Planning for iris scan collection in Qinghai dates back at least to November 2018 in Tsoshar, prior to the release of the February 2019 Construction Plan. Beginning in March 2019, police across Tsoshar began receiving training in how to use iris scanners and organizing iris scan collection efforts.
Small groups of police officers were responsible for collecting data from local homes. In some cases, police adopted a “police + village police + volunteer method” (民警+村警+志愿者模式) of collecting iris scans, though who volunteers were is left unstated. In other cases, police, auxiliary police, and village police participated in iris scan collection.
Early reports indicate that police focused on areas with high concentrations of people like public squares and schools. In Huzhu Tu Autonomous County in Tsoshar, police collected iris scans from people at work units, schools, and commercial enterprises, while in Gangcha County in Tsojang, police collected iris scans at village committees, work units, temples, and construction and from migrant workers at construction sites. In these well-trafficked public areas, police routinely used desk-mounted iris scanners or operated iris scan machines out of police cars.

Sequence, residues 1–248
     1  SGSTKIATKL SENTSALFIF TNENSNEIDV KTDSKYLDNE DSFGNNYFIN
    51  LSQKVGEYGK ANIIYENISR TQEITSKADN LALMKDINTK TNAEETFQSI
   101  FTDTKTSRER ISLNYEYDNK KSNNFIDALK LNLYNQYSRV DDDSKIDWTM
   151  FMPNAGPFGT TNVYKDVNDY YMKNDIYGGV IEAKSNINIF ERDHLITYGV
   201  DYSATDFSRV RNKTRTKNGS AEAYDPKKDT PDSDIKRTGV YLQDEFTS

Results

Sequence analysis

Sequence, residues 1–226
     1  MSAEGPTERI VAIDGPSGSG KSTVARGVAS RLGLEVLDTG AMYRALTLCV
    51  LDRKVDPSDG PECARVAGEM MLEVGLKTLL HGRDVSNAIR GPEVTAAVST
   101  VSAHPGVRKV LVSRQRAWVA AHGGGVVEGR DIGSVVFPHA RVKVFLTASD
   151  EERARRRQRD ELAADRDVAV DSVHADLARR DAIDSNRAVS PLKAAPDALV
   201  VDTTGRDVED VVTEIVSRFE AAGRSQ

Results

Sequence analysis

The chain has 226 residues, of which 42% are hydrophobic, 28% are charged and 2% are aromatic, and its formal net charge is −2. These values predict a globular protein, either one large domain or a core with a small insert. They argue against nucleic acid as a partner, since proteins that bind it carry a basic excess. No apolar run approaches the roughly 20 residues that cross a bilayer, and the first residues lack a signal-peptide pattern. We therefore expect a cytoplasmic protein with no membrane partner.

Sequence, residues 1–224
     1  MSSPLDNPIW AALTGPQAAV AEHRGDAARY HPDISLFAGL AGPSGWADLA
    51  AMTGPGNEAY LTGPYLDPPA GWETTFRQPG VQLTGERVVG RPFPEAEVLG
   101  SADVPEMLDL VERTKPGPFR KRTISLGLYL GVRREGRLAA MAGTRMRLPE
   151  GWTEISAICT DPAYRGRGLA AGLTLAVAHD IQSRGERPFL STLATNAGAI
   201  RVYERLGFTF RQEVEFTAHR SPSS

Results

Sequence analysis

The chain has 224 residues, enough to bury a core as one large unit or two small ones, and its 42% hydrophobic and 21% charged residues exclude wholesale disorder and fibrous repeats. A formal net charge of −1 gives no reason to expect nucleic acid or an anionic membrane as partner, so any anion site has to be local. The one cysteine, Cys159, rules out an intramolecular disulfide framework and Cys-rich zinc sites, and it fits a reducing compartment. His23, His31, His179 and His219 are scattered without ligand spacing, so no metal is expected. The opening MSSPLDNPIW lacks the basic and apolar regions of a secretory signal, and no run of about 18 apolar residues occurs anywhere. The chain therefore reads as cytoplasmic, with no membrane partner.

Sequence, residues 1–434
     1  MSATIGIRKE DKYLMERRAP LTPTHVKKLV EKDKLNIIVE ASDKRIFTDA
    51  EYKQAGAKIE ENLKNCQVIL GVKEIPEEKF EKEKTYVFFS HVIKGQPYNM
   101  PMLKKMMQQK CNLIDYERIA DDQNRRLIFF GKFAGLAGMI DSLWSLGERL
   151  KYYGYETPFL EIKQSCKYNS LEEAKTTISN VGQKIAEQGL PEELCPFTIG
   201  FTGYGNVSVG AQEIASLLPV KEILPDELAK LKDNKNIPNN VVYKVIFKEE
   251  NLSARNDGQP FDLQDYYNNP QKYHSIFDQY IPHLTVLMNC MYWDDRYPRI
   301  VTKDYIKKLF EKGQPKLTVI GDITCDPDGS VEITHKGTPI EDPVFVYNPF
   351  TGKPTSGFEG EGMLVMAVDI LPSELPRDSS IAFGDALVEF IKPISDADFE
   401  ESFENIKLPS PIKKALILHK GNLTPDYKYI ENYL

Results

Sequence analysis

Based on photographs contained in these public reports, it is clear that police have collected iris scans from members of ethnic minority communities, including Tibetans and Hui Muslims. In some cases, police provided bilingual explanations of iris scan collection to non-Mandarin Chinese speaking locals. It is not clear if police are targeting individuals based on their ethnicity alone. However, as discussed in a previous section of this report, police repression of Tibetan activists and state restrictions on the cultural life of the region’s ethnic and religious minorities is well-documented.
Along with collecting iris scans from adults, police also targeted school children. In both Minhe Hui and Tu Autonomous County and Huzhu Tu Autonomous County, police set up iris scan stations in classrooms and collected scans from students, some of whom appear to have been elementary school students.
Police reportedly worked overtime to collect iris scans. In Ping’an District in Tsoshar, police adopted the method of “the masses rest, I get to work” (群众休息，我上班), visiting schools and village committees during breaks, while in Minhe Hui and Tu Autonomous County in Tsoshar, police collected iris scans after the end of the business day or in farming fields.